Today's self-imposed deadline for the United States and the European Union to come to terms on safe harbor principles passed without an agreement. Instead, the parties said last week that they will have it done by fall.
For the past 19 months, Commerce Undersecretary David L. Aaron and John Mogg, the European Commission's director general of international market and financial services, have been negotiating safe harbor provisions that are designed to allow the continued free flow of data from Europe to the United States. The safe harbors were introduced after the EU instituted a data protection directive in October that theoretically prohibits data transfer from Europe to outside countries without adequate data protection laws.
The two groups wanted to reach an agreement in time for today's U.S.-EU summit in Berlin. At a press conference in Washington last month, Aaron said he was hopeful that they could make the deadline. Commerce spokesman Daniel Cruise said the two sides have practically reached an agreement on the substantive issues and all that's left are what he called “procedural issues” — for example, how both parties will implement safe harbors and how long U.S. companies will have to transition into safe harbors.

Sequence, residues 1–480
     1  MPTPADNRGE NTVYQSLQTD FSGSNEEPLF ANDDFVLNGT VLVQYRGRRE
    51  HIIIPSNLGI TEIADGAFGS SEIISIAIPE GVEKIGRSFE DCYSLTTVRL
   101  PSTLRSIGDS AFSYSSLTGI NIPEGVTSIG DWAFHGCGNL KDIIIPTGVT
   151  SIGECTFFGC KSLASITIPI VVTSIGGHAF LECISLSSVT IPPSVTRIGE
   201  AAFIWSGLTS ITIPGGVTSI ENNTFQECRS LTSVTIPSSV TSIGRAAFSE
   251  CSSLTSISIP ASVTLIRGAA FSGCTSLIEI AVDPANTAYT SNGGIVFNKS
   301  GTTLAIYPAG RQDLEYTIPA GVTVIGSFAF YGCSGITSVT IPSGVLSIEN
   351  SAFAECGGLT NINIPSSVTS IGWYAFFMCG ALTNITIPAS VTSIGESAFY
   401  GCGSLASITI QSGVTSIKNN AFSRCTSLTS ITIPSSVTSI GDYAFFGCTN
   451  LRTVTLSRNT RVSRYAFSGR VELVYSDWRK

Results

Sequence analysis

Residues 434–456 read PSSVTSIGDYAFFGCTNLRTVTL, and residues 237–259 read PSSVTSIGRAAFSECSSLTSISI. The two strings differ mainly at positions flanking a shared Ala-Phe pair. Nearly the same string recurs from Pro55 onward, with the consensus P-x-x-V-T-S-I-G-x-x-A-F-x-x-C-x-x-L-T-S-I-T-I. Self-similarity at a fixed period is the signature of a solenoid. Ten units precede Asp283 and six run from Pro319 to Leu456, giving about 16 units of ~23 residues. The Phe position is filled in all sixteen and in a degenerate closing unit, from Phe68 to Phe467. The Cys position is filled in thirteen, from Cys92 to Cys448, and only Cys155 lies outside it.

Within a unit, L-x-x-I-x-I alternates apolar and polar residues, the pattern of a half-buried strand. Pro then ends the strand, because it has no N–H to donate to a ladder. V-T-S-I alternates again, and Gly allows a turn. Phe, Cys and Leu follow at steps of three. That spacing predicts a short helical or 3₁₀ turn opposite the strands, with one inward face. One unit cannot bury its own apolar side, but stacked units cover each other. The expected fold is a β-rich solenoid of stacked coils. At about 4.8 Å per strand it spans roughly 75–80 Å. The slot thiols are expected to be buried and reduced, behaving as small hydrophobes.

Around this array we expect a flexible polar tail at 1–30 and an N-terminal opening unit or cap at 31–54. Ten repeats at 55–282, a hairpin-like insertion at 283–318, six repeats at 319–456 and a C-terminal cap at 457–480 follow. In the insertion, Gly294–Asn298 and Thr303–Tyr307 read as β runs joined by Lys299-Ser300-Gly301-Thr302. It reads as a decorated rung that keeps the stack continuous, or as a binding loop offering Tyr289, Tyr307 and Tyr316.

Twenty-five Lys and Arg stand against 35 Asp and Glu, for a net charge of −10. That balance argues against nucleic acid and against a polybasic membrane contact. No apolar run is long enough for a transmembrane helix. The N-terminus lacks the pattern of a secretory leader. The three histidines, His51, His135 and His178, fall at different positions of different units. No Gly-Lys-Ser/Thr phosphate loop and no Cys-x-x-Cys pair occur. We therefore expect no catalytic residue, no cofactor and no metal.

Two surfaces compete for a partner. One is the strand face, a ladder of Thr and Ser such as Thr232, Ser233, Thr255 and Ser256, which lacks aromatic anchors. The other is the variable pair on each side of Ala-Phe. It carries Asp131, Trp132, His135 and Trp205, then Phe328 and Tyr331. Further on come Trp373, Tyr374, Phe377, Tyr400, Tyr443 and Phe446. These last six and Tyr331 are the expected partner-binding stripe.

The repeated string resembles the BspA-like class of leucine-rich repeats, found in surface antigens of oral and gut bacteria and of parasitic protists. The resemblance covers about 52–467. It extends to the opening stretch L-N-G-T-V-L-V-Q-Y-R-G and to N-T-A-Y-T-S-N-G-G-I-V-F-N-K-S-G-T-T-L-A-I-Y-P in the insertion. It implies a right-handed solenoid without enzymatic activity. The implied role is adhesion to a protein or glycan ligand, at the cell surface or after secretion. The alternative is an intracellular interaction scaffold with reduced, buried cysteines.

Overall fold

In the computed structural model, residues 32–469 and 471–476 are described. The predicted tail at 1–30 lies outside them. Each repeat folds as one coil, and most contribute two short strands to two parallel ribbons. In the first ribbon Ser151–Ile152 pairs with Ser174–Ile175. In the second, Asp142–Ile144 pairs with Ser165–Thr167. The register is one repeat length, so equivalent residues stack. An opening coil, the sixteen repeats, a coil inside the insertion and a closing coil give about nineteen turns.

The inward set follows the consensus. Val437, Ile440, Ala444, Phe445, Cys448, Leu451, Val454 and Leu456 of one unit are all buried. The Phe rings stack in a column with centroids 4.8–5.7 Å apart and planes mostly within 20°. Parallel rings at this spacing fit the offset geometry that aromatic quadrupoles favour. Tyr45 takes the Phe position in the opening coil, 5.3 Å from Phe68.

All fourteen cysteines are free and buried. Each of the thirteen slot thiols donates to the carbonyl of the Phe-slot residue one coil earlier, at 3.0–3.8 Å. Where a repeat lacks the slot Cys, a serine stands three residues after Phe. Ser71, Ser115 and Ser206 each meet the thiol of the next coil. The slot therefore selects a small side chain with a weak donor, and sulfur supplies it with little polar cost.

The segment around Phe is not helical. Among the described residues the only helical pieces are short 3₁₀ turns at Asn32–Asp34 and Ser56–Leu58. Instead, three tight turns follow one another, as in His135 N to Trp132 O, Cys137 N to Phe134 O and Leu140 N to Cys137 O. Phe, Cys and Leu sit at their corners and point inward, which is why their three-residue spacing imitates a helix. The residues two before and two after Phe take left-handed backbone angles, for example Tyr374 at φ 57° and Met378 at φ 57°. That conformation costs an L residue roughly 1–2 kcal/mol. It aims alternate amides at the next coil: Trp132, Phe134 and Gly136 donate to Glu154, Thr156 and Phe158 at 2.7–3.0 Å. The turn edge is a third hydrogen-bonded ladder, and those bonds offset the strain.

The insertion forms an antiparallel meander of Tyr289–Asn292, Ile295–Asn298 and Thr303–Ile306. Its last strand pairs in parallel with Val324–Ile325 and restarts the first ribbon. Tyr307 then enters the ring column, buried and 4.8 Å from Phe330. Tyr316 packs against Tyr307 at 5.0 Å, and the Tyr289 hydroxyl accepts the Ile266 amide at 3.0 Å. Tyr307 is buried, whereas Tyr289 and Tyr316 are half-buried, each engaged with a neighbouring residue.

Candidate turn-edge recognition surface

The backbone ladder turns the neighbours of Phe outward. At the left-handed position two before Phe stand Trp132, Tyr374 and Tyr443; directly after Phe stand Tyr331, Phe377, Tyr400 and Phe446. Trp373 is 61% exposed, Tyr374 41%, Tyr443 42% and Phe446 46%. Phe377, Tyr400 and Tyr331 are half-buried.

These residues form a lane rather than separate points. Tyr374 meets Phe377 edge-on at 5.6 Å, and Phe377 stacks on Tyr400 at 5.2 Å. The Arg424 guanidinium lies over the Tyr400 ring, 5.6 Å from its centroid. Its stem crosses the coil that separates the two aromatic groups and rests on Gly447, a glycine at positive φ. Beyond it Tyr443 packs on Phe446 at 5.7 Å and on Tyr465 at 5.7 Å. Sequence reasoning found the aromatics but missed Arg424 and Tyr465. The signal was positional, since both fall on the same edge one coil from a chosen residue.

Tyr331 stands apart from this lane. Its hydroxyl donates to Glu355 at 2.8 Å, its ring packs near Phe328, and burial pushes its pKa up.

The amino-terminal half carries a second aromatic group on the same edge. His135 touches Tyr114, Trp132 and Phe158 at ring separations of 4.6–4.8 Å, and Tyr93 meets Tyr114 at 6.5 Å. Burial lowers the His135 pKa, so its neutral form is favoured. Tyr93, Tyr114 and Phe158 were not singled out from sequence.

“The EU wants U.S. companies to transition into safe harbors in six months,” Cruise said. “We, on the other hand, want to have at least two years for U.S. companies to transition into adhering into the safe harbors.”
Aaron spoke before the Software and Information Industry Association in the Netherlands on June 11, saying the United States “agrees with the European Commission on the principles and practices a company must follow to assure personal privacy for its customers. The big remaining issues have to do with fairness, due process, transition … and the role of the European data commissioners.” He also said a language agreement has been reached that both sides said is fair and provides a high level of data protections.
Despite the impasse, Cruise said conversations between the EU and United States are positive. “Both parties are committed to reaching an agreement,” he said.
At today's summit, Aaron is expected to announce that the negotiations are continuing in good faith and that both sides have made considerable progress. Other issues to be discussed include the setting up of an early warning system for U.S. and EU trade disputes, enhancing the Trans-Atlantic Economic Partnerships and the upcoming WTO Ministerial at the end of November in Seattle.